Thursday, May 26

‘Apple Daily’: The word from Beijing | Opinion


People queuing to buy the latest issue of the 'Apple Daily' newspaper, in downtown Hong Kong.
People queuing to buy the latest issue of the ‘Apple Daily’ newspaper, in downtown Hong Kong.DPA via Europa Press / Europa Press

The closure of the Hong Kong newspaper Apple Daily it is another proof of the systematic undemocratic suffocation to which the Beijing regime is unceremoniously subjecting what should be an autonomous territory under its sovereignty. Founded in 1995, two years before Hong Kong ceased to be a British colony to be returned to China, the Apple Daily in recent years it had become the loudspeaker against the curtailment of individual and collective freedoms that Beijing is enforcing in Hong Kong and that has accelerated significantly since the arrival of Xi Jinping to the presidency of China in 2013. Born as a tabloid tabloid in the style of those existing in the United Kingdom, he had been gaining prestige for his defense of democracy and the denunciation of the legal and police repression through which the autonomous government – elected, but with candidates previously filtered by the regime – is persecuting dissent.

The same newspaper has been a direct victim of this policy and the coup de grace came last Thursday, when, in application of the controversial National Security Law – enacted last year – some 500 policemen broke into its headquarters, seized almost fifty computers arrested several company executives on charges of collaborating with foreign forces and blocked the media’s current accounts, so that it has no longer been possible to pay salaries. Days later one of his editorialists was arrested and the authorities threatened more arrests. With no further exit, the company decided to close the newspaper. It had become the second most widely read in the former colony and its latest issue has had an exceptional circulation of one million copies.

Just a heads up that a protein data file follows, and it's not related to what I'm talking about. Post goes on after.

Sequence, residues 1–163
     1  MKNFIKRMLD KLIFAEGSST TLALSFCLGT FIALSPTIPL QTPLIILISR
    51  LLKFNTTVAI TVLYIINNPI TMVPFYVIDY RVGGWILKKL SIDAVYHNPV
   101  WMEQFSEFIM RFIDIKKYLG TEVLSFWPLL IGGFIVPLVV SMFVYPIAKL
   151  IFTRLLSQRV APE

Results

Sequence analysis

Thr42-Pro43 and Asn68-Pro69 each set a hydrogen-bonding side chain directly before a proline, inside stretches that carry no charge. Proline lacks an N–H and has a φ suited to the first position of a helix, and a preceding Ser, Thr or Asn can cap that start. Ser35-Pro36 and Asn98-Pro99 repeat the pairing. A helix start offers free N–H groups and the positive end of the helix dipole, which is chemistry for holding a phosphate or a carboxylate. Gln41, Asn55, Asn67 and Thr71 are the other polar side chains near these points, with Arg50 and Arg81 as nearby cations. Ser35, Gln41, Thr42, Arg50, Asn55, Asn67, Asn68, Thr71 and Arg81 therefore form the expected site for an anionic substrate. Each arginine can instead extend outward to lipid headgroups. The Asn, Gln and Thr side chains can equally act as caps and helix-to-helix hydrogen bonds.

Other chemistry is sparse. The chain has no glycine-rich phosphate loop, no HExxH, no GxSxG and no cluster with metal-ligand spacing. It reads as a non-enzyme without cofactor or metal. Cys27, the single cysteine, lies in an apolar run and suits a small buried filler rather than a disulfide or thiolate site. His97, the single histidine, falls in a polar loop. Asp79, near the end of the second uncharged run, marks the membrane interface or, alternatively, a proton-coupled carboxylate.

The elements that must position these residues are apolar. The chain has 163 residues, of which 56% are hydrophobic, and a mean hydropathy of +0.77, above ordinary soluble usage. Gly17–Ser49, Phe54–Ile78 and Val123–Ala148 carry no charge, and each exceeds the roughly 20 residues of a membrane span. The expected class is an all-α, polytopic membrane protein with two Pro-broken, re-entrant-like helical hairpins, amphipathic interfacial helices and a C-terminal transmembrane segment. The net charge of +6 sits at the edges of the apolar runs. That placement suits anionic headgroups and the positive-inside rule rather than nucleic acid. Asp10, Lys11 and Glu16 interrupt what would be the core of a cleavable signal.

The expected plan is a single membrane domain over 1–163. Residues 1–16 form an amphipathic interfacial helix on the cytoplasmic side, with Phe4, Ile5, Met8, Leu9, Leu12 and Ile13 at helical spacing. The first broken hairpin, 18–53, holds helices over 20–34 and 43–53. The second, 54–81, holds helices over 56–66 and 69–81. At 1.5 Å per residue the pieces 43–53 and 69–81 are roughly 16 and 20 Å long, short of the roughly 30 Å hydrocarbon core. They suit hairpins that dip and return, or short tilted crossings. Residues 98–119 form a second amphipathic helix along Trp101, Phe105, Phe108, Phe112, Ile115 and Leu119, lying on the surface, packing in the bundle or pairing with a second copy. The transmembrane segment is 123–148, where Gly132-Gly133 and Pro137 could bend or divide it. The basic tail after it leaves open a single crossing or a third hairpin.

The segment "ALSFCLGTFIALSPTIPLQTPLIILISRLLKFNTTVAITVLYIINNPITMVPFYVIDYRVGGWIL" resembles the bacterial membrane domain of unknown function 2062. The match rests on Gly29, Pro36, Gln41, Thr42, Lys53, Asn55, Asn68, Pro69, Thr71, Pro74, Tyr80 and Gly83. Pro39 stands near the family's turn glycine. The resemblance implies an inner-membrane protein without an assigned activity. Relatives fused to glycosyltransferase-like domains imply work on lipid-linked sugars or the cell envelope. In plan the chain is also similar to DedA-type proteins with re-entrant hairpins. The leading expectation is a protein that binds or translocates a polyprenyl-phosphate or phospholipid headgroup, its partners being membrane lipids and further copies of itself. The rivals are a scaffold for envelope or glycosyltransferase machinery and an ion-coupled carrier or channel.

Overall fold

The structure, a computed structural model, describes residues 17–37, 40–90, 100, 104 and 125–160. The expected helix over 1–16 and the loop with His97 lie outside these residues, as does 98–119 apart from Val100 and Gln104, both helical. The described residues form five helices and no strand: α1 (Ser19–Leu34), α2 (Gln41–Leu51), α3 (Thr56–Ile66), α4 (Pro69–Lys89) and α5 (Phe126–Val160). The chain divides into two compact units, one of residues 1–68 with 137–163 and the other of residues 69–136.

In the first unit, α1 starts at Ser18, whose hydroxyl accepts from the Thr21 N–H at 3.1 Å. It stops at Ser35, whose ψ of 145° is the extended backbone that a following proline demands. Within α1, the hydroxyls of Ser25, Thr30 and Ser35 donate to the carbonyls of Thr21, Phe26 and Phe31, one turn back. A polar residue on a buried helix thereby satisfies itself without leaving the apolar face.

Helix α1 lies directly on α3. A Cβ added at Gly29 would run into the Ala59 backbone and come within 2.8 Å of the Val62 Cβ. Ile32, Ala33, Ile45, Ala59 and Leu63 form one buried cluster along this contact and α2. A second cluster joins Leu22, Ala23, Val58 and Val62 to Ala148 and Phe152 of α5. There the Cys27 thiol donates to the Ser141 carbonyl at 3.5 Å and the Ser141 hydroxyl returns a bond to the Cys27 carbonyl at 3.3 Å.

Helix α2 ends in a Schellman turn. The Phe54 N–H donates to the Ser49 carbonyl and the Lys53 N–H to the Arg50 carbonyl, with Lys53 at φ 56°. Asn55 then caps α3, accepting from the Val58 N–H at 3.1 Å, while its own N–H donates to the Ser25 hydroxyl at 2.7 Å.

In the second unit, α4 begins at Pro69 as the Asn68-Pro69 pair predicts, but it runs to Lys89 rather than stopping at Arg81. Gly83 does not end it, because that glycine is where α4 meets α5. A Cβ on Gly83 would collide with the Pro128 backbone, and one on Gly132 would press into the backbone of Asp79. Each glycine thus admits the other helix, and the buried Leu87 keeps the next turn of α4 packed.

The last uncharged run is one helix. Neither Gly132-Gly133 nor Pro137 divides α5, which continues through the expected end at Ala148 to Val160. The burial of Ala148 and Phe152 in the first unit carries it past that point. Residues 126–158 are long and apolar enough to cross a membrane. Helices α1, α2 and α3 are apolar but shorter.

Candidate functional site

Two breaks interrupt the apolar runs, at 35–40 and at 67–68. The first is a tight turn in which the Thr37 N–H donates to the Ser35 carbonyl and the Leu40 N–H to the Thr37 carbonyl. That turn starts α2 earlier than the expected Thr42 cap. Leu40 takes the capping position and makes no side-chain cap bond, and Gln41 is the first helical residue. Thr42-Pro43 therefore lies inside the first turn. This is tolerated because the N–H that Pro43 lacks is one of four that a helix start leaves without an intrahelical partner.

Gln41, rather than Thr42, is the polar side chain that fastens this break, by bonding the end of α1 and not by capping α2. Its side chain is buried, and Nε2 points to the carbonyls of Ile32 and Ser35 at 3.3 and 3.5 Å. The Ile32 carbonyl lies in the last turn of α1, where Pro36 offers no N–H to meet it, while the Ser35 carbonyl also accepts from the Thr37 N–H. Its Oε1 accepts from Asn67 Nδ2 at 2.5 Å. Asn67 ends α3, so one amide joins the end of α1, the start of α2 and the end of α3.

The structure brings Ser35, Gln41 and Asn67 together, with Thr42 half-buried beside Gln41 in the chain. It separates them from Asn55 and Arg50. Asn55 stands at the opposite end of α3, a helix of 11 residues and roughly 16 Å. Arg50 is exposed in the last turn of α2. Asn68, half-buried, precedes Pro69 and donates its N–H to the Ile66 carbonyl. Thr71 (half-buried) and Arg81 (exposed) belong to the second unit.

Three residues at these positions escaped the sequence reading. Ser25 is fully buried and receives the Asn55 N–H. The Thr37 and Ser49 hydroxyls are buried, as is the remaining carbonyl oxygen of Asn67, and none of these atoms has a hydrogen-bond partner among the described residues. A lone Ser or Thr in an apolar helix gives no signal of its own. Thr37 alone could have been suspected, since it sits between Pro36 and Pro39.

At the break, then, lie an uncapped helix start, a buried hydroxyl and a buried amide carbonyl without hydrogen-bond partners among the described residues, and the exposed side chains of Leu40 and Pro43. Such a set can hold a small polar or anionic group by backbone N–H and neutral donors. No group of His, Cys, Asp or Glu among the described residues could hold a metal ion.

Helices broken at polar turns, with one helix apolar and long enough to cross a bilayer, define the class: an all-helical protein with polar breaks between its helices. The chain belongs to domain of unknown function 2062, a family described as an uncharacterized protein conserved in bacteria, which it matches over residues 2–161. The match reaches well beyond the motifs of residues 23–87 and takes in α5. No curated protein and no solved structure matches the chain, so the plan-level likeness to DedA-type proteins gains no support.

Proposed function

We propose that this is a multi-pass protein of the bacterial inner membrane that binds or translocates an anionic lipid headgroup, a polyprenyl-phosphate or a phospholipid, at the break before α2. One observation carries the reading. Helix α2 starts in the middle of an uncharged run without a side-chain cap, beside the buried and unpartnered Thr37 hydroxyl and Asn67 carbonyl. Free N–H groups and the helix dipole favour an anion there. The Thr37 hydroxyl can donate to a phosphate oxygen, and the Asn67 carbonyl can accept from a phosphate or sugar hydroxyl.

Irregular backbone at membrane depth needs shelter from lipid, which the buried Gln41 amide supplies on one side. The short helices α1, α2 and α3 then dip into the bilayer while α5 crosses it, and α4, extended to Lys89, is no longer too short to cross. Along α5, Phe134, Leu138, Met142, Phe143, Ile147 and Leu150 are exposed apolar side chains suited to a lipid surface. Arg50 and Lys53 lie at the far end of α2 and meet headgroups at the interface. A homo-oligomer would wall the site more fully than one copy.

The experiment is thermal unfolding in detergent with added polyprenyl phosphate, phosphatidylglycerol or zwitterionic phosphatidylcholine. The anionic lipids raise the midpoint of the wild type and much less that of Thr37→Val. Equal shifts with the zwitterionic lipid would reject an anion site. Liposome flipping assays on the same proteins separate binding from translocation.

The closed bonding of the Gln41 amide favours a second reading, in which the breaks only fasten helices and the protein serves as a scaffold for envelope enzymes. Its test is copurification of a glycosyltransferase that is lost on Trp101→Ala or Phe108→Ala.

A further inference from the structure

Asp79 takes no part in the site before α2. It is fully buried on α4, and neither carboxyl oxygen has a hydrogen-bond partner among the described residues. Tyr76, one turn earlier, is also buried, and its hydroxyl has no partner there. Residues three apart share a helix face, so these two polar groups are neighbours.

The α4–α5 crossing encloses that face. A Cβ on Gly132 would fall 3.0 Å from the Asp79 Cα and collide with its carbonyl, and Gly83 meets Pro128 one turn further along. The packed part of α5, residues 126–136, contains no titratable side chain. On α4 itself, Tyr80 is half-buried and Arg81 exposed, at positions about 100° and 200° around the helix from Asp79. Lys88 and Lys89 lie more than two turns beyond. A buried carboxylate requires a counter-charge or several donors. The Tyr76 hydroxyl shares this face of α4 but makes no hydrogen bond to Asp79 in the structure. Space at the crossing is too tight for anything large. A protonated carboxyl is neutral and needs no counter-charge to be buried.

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The persecution of the independent press is but another link in an alarming succession of actions and legislative provisions that are effectively destroying the freedoms of Hong Kong citizens. Freedoms that China solemnly promised to respect until at least 2047 in the treaty it signed with the United Kingdom for the cession of territory. Then, Beijing upheld the formula of “one country, two systems” as a guarantee that Hong Kong’s peculiarities would be respected. The facts show that this has not been the case and the nationalist line imposed by Xi Jinping has accelerated a process of forced assimilation that constitutes a violation of the basic rights of the citizens of the territory. Beijing is getting used in Hong Kong to a fait accompli policy insensitive to protests of any kind. Not only does it unfortunately compress freedoms, but it goes against its own word, a fact that does not go unnoticed on the international scene and that has a serious cost for a country that aspires to be a global power.


elpais.com

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